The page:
Khmarnaval in Sihanoukville

Cambodian youth skate down the street in Sihanoukville during the sixth annual 'Khmarnaval' parade.

This was the second year Skateistan Cambodia participated in “Khmarnaval”, an arts and music festival inspired by the Latin tradition of Carnaval, founded in Sihanoukville six years ago. In March Skateistan brought 12 Khmer youth on a three day journey to the seaside town of Sihanoukville (also known as Kampong Saom), to join a parade and cultural festival, shred the streets, and swim in the ocean. All firsts for many of  these kids.

Skateistan staff picked the students up early on a Friday morning. The 16 seater van was on the road by 8 AM, packed to the brim with four Skateistan staff and 12 Khmer girls and boys eager to go street skating for the first time ever. Skateboards, helmets, shoes and towels were neatly stowed away under the seats, where they would surely remain throughout the weekend whenever they weren’t in use. 

Four hours later, the van’s myriad contents were unloaded at the dormitory in Sihanoukville, where the students added some finishing touches to their cardboard costumes before the Safety Parade that afternoon. The group then met up with the rest of the paraders and found a series of gaps to skate nearby while they waited for the parade to begin. Their skateboards and colourful costumes were a sight to behold alongside a giant turtle, a group of young strawberries, fake police officers, very many children in capes, and a cautionary float depicting a terrible accident involving a bicycle, alcohol, a motor vehicle, and some paper mache.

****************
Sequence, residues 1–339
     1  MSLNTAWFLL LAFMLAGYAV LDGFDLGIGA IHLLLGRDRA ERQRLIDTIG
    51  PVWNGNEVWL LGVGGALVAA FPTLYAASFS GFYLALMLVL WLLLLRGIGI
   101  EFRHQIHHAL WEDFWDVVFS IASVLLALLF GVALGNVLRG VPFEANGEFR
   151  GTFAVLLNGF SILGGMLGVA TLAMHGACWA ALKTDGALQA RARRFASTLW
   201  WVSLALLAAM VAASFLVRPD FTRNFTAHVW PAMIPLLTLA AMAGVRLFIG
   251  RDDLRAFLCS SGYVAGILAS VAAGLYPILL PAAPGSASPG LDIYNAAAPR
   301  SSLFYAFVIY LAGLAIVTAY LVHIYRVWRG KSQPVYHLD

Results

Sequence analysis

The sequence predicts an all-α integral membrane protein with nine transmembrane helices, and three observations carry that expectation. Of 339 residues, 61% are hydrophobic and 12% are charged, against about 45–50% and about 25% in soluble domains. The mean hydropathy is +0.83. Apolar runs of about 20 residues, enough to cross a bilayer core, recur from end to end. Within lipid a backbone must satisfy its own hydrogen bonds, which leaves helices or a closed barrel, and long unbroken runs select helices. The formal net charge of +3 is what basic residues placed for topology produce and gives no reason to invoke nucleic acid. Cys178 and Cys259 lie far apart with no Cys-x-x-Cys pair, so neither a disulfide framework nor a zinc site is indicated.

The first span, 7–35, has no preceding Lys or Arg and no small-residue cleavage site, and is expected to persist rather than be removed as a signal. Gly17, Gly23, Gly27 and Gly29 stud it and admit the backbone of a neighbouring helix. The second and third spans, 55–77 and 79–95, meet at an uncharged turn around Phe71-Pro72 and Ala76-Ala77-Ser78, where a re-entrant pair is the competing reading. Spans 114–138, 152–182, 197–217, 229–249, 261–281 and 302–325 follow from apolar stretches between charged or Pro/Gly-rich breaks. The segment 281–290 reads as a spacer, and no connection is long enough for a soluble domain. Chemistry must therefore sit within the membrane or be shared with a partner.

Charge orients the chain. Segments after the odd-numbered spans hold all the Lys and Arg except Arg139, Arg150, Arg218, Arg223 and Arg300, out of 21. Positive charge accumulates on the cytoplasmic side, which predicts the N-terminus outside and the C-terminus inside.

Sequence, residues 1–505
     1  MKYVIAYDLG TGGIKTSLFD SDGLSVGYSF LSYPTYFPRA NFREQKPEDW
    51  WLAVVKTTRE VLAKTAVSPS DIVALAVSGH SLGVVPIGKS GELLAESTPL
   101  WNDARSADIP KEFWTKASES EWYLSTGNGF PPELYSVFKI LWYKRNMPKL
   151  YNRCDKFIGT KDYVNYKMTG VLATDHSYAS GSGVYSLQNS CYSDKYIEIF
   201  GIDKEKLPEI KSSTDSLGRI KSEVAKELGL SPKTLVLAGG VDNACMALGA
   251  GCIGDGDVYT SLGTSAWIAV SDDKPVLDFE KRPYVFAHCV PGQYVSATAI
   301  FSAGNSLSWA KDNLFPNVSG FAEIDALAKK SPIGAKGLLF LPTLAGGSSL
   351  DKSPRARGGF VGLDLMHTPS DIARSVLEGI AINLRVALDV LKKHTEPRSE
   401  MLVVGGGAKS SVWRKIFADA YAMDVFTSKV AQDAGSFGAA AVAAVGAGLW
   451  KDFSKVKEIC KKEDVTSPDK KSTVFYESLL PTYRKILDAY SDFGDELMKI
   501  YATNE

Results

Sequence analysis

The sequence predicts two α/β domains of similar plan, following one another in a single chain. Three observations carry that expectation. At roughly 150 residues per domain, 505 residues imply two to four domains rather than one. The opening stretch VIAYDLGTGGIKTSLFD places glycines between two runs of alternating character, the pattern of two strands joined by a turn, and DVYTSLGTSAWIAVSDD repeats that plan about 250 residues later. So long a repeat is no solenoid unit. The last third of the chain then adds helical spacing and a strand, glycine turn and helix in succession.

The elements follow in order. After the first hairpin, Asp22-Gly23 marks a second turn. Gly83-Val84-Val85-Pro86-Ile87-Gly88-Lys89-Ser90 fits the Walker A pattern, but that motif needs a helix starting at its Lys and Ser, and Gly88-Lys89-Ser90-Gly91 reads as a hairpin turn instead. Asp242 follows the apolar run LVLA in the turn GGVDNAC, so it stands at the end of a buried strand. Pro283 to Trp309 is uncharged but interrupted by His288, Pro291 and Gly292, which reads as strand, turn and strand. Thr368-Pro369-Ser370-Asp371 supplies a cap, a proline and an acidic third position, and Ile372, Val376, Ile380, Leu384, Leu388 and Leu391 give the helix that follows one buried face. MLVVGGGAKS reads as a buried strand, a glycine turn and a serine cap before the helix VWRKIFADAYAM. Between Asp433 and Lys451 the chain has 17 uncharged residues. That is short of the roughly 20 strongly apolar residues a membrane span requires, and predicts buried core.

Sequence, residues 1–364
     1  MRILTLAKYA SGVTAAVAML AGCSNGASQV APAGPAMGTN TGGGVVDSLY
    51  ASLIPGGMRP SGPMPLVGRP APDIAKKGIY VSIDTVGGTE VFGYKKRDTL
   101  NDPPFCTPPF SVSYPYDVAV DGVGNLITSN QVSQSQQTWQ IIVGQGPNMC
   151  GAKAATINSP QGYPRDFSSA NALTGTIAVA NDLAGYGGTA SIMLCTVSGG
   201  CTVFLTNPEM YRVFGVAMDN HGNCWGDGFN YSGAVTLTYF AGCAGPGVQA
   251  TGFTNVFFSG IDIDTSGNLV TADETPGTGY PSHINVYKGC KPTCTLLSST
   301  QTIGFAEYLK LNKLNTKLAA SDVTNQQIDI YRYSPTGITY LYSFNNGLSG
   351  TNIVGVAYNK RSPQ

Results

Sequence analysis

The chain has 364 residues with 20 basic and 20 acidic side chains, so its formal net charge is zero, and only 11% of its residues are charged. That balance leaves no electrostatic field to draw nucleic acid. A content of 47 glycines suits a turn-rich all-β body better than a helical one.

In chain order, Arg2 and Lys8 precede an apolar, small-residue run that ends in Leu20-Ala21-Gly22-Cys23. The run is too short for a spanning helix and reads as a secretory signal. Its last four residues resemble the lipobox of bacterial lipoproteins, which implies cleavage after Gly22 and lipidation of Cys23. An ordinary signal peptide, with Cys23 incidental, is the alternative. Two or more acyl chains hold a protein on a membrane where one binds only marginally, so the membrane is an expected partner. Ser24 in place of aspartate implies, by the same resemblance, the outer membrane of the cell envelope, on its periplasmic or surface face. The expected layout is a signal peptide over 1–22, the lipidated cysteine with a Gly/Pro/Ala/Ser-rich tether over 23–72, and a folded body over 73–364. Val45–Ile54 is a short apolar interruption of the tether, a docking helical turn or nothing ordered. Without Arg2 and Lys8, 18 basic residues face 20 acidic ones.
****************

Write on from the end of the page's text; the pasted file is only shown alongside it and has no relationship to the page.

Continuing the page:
The parade ended just as it began to rain, but that didn’t stop the kids from heading directly to the beach. That night there was a large outdoor concert and variety show, and needless to say the students were exhausted. The rest of the weekend was a blur of street skating in the incredible humidity, and cooling off in the Gulf of Thailand.

The trip was especially exciting for all the kids and local staff because it was an opportunity to be regarded highly as youth, in a public forum. 

“We are young but skateboarding is something young people do well, that older people can’t always do.” 

Tin, Skateboarding Instructor

For all the youth there, this was a chance to bring skateboarding to a new place, and to represent Skateistan.

“I think it’s very nice that we can share the experience of skateboarding with another people. We want to show them what Skateistan is, show that children have the chance to skate, for free – it doesn’t cost any money. That is so awesome.”


For all the youth there, including the local Skateistan staff, this short trip was packed with new experiences:  a new degree of independence, swimming in the ocean, skateboarding in public places,  seeing another part of their country, and Khmarnaval.

Skateistan would like to extend a big thank you to the NGO Pour un Sourire d’Enfant for providing transportation and accommodation.